Xinhua News Agency, Washington, July 13 (Reporter Xu Jianmei and Deng Xianlai) The 17 US states and the capital, Washington, DC, filed a lawsuit in the Federal District Court in Boston, Massachusetts on the 13th, seeking to prevent the new regulations for student visas issued by the US government from taking effect.

  In the complaint, the attorney generals of 17 states and Washington DC listed the US Department of Homeland Security and its Immigration and Customs Enforcement Bureau as defendants, accusing the US government of "cruel, abrupt and illegal actions to expel international students in the epidemic."

  Massachusetts Attorney General Mora Healy, who led the joint lawsuit, issued a statement saying: "This provision lacks common sense, forcing schools to choose between keeping international students enrolled and protecting campus health and safety. The Trump administration has not even Try to explain its basis." The statement said that the new regulations for international student visas will not only harm international students and their families, but will also "inflict irreparable damage" to the public health and economic conditions of their state.

  New Jersey Attorney General Gebir Greval issued a statement saying that the new rules for international student visas "use international students and their tuition fees as a lever to force colleges and universities to start face-to-face classes before they are ready, putting all students' lives at risk. in".

  The US media quoted litigation documents and reported that a total of 1124 colleges and universities in the 17 states and Washington DC that initiated the joint lawsuit enrolled approximately 373,300 international students in 2019. About 40 American universities such as Yale University, Northwestern University, and the University of Chicago submitted a statement in support of this joint lawsuit.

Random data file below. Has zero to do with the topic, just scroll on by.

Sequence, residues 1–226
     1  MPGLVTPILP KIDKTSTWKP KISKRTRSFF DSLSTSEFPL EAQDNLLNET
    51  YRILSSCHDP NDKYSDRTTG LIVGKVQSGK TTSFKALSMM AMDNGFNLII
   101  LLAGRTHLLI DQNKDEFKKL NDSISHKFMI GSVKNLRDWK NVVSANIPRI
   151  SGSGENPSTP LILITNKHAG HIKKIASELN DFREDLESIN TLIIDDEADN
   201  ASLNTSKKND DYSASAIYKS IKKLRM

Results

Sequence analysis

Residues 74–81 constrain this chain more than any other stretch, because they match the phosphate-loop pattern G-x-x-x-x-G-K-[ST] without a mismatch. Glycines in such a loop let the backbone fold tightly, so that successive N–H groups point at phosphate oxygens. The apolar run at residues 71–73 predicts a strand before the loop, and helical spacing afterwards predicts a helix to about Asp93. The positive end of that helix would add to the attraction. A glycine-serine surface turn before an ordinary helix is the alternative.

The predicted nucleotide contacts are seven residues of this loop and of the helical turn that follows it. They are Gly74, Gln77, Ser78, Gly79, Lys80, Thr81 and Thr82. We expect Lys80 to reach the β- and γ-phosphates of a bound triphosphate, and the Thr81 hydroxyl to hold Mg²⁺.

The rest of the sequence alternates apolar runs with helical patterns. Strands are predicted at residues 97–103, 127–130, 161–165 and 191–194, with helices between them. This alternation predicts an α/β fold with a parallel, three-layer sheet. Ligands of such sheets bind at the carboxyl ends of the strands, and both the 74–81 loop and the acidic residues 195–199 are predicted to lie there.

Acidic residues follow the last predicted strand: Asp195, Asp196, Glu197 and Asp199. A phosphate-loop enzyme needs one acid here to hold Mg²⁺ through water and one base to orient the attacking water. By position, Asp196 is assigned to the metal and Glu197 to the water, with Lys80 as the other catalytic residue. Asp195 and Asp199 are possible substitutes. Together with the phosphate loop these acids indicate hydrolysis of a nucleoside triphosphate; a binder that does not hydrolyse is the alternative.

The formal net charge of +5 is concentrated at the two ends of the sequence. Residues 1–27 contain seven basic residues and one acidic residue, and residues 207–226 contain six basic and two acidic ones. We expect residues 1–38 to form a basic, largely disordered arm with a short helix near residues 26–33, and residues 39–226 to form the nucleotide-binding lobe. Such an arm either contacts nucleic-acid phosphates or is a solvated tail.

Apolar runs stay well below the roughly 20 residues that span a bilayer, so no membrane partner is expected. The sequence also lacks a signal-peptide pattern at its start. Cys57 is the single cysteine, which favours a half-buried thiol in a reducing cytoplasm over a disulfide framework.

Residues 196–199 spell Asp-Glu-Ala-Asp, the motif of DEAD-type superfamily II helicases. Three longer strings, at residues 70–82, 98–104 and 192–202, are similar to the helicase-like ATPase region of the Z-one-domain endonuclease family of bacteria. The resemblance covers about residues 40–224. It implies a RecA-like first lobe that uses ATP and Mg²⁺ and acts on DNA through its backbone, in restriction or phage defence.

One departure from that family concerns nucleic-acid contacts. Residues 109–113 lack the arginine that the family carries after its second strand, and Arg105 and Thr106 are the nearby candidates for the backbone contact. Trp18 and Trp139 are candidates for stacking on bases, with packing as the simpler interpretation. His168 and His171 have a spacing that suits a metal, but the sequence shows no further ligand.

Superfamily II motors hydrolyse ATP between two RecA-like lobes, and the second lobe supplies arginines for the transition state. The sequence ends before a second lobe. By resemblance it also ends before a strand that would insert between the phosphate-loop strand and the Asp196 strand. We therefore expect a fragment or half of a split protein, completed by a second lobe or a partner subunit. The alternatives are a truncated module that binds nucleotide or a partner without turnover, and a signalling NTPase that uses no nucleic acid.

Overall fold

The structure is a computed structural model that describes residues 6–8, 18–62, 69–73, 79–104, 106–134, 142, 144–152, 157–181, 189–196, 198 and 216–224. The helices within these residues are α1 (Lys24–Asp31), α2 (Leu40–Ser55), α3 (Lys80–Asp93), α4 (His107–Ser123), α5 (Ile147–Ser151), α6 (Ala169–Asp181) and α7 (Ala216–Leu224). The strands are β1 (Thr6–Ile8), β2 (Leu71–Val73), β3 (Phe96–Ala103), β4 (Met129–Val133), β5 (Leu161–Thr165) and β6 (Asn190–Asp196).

The US Immigration and Customs Enforcement Bureau issued a notice on the 6th that if international students only take online courses in the fall 2020 semester, they will not be able to obtain a visa to the United States or maintain the current visa. Harvard University and the Massachusetts Institute of Technology took the lead on the 8th to file a lawsuit, requesting the federal court to suspend the new visa regulations, which has received support from colleges and universities across the United States. The Boston District Court is scheduled to start hearings on the 14th. In addition, the Attorney General of California in the local federal district court and Johns Hopkins University in the District Court of Washington, DC, also sued the federal government separately to prevent the implementation of the new regulations. About a hundred members of Congress recently sent a joint letter to the US Department of Homeland Security calling for the cancellation of the new regulations for international student visas.